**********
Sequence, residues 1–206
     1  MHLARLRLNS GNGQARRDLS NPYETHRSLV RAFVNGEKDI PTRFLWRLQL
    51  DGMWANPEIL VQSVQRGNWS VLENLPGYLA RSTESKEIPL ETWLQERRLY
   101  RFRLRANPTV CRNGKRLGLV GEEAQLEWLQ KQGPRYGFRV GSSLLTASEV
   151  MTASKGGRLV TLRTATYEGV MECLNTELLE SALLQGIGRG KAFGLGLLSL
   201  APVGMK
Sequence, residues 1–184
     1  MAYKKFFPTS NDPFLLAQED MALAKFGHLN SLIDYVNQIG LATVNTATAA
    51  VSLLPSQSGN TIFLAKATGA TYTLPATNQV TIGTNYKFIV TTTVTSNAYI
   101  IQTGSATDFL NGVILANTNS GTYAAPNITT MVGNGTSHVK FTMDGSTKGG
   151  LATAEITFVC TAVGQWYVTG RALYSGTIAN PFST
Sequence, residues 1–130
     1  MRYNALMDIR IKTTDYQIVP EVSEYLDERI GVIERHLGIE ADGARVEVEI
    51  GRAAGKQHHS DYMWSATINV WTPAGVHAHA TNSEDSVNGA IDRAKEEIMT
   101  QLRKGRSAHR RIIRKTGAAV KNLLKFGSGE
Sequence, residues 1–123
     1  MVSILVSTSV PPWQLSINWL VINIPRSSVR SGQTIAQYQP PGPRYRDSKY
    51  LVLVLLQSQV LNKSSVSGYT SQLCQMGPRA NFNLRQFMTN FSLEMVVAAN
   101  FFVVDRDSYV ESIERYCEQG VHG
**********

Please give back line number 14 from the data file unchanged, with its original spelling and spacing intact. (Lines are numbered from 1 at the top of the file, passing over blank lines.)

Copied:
    51  GRAAGKQHHS DYMWSATINV WTPAGVHAHA TNSEDSVNGA IDRAKEEIMT